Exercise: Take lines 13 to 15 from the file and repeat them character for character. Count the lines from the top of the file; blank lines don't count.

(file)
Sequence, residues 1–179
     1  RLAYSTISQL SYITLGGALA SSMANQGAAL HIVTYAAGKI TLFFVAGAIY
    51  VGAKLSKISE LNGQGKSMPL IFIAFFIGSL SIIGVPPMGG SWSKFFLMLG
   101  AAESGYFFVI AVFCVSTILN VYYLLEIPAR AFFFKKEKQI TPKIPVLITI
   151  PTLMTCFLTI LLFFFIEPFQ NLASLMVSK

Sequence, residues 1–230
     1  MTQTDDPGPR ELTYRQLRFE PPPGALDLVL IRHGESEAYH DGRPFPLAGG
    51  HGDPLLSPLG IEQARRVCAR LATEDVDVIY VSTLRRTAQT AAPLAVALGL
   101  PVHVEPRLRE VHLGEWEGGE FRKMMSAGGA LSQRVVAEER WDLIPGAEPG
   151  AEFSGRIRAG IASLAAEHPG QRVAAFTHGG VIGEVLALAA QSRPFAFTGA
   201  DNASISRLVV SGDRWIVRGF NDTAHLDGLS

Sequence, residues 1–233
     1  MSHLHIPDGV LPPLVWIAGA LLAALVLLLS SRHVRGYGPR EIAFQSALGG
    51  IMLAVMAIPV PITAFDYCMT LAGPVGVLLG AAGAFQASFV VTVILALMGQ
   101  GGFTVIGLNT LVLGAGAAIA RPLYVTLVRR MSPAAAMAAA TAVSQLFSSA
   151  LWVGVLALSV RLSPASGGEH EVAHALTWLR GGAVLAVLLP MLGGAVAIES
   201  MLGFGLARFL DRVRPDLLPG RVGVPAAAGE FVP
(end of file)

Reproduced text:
     1  MSHLHIPDGV LPPLVWIAGA LLAALVLLLS SRHVRGYGPR EIAFQSALGG
    51  IMLAVMAIPV PITAFDYCMT LAGPVGVLLG AAGAFQASFV VTVILALMGQ
   101  GGFTVIGLNT LVLGAGAAIA RPLYVTLVRR MSPAAAMAAA TAVSQLFSSA